Often we find it easy to create a class with a static event to keep the controls in our web application loosely coupled. The easiest way to make a number of controls interact without “knowing” about each other is to have a static event distributor class.
public class EventDistributor
public static event EventHandler SomethingHappened;
public static void RaiseSomethingHappened(object sender, EventArgs e)
if (SomethingHappened != null)
Some of the controls raise the events of the distributor…
protected void Button1_Click(object sender, EventArgs e)
…and others subscribe to them
protected void Page_Load(object sender, EventArgs e)
EventDistributor.SomethingHappened += new EventHandler(EventDistributor_SomethingHappened);
Let’s say we add an IScriptControl (e.g. from the RadControls for ASP.NET AJAX
suite) in the control tree inside the event handler of the static event. After postback we get an InvalidOperationException
with the message “Script controls may not be registered after PreRender”.
To find the reason for the error we need to know that static classes and members are alive until the application is restarted. They are not destroyed after the page lifecycle completes. So what happens? A control subscribes to the event of the event distributor in the Page_Load handler. After the postback the event is raised and the control’s event handler method from the first request gets executed. The life cycle of that previous page was already executed and adding a RadControl to the Controls tree will throw the aforementioned exception. This exception is thrown by the ScriptManager control which cannot register script controls after the Prerender event of the Page object.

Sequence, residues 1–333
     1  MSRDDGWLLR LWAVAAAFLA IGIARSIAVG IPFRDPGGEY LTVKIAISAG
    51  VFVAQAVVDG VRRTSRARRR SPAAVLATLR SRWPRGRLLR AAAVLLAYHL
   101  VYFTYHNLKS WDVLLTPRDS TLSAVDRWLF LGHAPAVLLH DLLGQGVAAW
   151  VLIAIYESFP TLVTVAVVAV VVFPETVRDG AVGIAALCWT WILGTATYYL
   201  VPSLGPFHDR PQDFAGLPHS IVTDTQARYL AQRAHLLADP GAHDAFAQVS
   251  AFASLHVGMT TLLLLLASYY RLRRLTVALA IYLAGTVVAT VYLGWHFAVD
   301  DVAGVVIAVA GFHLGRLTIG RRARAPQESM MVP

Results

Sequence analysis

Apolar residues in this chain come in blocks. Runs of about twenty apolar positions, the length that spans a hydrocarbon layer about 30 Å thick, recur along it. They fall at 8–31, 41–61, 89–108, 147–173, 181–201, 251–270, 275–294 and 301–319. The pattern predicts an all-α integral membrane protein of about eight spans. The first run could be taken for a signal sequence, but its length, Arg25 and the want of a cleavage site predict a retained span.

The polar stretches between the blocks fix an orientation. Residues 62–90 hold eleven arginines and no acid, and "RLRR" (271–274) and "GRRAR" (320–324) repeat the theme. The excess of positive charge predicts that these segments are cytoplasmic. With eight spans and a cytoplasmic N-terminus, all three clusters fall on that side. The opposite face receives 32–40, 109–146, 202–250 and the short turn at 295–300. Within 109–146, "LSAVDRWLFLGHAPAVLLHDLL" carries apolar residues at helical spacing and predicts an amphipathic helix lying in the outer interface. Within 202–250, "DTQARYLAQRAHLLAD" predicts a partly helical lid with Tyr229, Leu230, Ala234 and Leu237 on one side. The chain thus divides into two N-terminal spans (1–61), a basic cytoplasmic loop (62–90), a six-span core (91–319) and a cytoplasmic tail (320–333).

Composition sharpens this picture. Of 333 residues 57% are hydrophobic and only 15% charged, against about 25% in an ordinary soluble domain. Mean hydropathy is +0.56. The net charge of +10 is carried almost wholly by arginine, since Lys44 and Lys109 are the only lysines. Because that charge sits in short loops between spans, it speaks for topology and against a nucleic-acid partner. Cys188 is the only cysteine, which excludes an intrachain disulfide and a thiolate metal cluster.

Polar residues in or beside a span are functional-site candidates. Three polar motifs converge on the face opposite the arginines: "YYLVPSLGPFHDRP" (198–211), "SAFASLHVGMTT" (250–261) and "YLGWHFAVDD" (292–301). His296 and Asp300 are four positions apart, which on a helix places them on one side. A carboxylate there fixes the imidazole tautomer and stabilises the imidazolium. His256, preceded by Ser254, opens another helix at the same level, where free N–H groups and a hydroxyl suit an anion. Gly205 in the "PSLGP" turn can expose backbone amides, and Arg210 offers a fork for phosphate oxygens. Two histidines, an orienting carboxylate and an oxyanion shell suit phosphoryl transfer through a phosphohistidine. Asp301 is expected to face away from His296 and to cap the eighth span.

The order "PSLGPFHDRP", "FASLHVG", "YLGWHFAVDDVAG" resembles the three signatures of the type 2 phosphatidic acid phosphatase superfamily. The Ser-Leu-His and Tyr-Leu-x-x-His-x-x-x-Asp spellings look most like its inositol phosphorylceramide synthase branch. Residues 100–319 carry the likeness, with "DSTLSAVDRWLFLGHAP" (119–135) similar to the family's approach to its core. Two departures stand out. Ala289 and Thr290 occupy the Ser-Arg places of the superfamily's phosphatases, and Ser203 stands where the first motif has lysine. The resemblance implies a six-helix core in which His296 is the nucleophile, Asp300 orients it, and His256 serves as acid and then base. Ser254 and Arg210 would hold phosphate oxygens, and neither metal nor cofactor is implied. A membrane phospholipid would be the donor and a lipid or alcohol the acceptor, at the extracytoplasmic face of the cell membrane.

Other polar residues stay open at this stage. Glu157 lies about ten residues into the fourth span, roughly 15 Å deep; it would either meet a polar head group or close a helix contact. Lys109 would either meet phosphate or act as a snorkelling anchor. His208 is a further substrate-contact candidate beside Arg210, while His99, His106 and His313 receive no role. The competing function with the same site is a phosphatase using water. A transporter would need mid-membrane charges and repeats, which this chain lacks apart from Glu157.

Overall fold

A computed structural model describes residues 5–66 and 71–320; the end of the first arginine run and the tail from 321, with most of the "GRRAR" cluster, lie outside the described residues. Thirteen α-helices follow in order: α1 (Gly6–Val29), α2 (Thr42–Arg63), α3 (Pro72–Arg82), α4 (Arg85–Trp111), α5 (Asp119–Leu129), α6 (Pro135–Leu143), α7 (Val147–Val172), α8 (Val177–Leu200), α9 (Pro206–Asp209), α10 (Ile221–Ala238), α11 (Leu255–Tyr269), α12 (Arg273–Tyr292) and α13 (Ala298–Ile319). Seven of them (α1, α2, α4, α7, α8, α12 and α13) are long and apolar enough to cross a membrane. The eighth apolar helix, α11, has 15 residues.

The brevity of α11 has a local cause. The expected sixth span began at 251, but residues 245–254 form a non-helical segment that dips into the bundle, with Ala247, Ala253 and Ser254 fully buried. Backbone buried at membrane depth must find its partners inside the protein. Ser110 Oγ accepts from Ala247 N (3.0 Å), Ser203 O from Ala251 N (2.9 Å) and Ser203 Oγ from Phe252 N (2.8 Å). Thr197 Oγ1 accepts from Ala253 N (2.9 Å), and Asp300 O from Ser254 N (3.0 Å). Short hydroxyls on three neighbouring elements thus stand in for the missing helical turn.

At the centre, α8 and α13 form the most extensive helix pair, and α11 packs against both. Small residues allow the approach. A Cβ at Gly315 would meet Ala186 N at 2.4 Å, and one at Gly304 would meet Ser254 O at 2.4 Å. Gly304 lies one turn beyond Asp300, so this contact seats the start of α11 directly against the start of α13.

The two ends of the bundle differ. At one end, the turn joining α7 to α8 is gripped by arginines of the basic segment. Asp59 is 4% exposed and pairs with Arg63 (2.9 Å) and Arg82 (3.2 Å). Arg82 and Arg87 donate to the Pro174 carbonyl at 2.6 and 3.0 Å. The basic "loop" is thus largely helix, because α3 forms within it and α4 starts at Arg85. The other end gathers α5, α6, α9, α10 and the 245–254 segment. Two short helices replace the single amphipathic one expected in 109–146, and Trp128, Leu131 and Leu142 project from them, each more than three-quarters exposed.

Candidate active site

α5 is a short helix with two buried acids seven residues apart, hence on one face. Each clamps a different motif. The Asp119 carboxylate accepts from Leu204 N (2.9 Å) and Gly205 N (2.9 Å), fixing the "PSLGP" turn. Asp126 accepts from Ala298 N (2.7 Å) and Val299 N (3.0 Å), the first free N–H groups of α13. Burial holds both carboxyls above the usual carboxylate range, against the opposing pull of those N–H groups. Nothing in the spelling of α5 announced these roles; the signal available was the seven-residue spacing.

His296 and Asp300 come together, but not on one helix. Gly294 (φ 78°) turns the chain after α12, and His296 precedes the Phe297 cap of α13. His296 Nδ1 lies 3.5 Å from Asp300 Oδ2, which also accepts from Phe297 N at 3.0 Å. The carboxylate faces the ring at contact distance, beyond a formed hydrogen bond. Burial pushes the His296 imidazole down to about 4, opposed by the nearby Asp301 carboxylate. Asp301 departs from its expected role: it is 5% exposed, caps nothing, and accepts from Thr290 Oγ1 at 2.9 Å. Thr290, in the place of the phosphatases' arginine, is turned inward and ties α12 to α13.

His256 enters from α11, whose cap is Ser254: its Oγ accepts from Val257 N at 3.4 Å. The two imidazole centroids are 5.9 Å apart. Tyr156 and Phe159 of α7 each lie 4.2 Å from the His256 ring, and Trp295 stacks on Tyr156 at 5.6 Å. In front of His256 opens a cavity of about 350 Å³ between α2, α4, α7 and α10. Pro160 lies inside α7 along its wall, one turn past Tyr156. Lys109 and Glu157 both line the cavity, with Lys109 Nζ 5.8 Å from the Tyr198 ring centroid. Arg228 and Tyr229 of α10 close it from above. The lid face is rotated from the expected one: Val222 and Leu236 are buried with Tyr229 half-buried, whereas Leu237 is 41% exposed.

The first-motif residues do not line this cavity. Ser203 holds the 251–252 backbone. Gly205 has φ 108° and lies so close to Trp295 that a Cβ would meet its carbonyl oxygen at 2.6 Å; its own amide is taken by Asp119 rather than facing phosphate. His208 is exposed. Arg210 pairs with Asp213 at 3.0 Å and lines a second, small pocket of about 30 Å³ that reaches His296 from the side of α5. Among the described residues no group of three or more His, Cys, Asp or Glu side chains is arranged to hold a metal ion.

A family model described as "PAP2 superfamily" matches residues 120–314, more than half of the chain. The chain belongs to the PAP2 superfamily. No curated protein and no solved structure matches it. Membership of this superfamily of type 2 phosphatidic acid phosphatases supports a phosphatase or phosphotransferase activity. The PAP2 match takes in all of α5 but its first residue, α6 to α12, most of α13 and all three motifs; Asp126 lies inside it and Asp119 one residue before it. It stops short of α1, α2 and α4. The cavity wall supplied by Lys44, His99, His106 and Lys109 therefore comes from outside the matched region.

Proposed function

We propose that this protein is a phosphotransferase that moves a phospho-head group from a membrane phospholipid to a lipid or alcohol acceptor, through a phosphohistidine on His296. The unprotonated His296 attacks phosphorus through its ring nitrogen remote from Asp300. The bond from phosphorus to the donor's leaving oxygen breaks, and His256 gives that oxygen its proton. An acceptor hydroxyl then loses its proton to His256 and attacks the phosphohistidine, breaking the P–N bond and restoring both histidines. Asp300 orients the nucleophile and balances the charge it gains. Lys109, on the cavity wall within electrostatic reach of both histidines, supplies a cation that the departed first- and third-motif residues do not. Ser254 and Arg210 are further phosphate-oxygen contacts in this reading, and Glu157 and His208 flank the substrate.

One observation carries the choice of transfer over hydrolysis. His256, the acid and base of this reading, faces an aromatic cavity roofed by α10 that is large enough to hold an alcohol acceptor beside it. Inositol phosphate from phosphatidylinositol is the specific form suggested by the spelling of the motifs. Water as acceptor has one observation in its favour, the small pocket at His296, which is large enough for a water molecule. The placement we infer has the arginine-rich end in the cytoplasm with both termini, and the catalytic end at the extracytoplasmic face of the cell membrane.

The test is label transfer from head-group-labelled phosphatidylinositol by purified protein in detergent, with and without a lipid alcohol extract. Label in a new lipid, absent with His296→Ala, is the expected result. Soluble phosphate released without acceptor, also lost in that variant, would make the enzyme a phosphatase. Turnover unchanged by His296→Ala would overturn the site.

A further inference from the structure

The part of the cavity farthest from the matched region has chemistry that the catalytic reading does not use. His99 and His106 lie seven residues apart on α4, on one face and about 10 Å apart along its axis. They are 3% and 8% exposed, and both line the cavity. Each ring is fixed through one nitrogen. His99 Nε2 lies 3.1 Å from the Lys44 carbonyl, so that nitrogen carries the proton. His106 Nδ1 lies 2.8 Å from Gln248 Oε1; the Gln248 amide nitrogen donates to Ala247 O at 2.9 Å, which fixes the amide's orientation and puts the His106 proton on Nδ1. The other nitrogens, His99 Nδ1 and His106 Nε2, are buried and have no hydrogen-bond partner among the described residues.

There is one more problem here – the event distributor holds a reference to the user control and thus it cannot be garbage collected. This leads to a memory leak on the server.
What we need to do is guarantee that the event distributor does not keep a reference to our object. This can be done easily by detaching the event handler in a later stage of the page lifecycle. Still, this is not the best approach. As the static members are alive as long as the application is, it is possible that concurrent requests to the same page execute simultaneously. This will raise the event twice for both page instances and will execute their event handler methods twice. We can avoid that by making sure our class is page-specific. We can create a singleton static class, which is stored in the Items collection of the Page object and use it. The singleton will be destroyed when the page gets destroyed, so we even do not need the code to remove the event handler.
I’m attaching a demo project
to this post. It contains two folders – one of them contains a page, demonstrating the problem and the other contains the suggested solution.
P.S. Tess Ferrandez
, Microsoft Escalation Engineer describes
another drawback of using static members.